Apiary Digital recently surveyed a select group of performance marketing leaders—from startups, Fortune 500 companies, and everything in between—to learn their secrets to success during the first 90 days in a new position. To capture the pearls of wisdom shared through this survey, we’ve created a blog series, “The First 90 Days.” This is part of the multi-part series.
66.7% of marketing leaders surveyed indicated evaluating current vendors and team members, identifying gaps in skills, and getting the right people in place was key to their success during the first 90 days in a new position.
So, you recently started a new marketing leadership position and have a few quick wins under your belt. You’ve also spent a bit of time in “observation mode” to get up-to-speed on your organization’s culture. Now, it’s time to figure out if you have enough people with the right skills in the right roles to meet KPIs and support overall business goals.
Time to do an evaluation of your team!
Importance of team evaluations
Often, it takes a fresh perspective to bring to light things that aren’t working in an organization, and where things could be improved. People become so entrenched in the organizational culture, they may not be seeing inefficiencies. This is where you—coming in with a fresh perspective—can be invaluable to your team and your organization.
It can; however, be tricky conducting evaluations when you’re the new person. Even just the word “evaluation” can set off alarm bells for people within the organization and thus should be approached with care. Evaluating team members is not simply seeing if performance meets expectations. Since people are involved, the process is much more complex. It’s all about finding ways to empower your team to reach maximum potential.
There are a few important things to do prior to conducting your team evaluations—most of which actually have to do with mindset:
- Don’t go into evaluations assuming people aren’t making connections or understanding things because they aren’t smart—it may be because they aren’t getting the proper feedback, weren’t given all the information needed, or a combination of reasons. On the surface, someone may come across as having a gap in skills, but it’s important to take a step back to see where the source of the deficit is.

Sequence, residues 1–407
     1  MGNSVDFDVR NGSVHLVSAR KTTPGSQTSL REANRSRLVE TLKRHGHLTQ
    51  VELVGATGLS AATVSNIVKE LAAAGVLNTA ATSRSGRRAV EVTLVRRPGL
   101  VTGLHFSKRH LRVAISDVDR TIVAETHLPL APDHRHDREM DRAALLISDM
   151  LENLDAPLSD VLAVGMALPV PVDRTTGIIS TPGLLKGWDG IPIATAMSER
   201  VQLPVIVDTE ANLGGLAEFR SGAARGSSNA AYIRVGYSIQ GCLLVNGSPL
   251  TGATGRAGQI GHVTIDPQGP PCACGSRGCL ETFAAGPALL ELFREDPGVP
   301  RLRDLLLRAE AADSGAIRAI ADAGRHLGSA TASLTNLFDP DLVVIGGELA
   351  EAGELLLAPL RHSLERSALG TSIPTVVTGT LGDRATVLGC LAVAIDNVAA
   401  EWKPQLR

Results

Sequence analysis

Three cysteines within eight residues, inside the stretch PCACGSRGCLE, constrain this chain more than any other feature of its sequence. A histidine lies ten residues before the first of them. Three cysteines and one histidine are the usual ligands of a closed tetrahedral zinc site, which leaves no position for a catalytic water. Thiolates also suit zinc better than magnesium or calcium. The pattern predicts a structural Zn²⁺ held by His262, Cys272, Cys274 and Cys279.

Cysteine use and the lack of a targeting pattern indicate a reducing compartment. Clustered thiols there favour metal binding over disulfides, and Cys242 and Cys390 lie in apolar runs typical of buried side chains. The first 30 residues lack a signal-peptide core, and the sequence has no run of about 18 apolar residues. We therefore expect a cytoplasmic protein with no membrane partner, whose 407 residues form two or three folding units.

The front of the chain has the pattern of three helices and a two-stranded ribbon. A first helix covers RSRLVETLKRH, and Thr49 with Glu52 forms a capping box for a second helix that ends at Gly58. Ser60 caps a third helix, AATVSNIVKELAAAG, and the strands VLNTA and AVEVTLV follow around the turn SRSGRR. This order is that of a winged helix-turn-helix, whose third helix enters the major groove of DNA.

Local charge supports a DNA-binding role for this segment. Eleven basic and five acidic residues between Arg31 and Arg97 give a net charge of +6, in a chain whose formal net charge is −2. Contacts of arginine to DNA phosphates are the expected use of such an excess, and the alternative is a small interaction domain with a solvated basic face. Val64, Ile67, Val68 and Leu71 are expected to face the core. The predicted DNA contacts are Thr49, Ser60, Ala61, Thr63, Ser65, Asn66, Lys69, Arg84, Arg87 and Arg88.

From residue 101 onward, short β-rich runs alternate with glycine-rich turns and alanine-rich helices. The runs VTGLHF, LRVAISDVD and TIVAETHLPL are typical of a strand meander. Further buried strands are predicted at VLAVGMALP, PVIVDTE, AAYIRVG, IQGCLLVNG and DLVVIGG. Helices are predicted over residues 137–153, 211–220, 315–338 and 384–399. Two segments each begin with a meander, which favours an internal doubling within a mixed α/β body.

- Understand your team members’ job descriptions based on what’s on paper—learn what’s in-scope and what’s not—but refrain from looking at past performance evaluations prior to speaking with team members because it can really color your perception.
- Spend time in observation mode to see how team members interact with one another.
⚠ Pro-tip: Best said by Norman Kerth in his book, Project Retrospectives: “ Regardless of what we discover, we understand and truly believe that everyone did the best job he or she could, given what was known at the time, his or her skills and abilities, the resources available, and the situation at hand.”
Evaluations in action
Approach team member evaluations as simply a period of trying to diagnose what’s going on and how to make the team more successful and aligned with the business overall.
- Speak to each team member armed with a genuine interest in understanding what they’re capable of doing and in what capacity; find out what they’re passionate about at work.
- Keep it informal—like coffee talk, but with a point!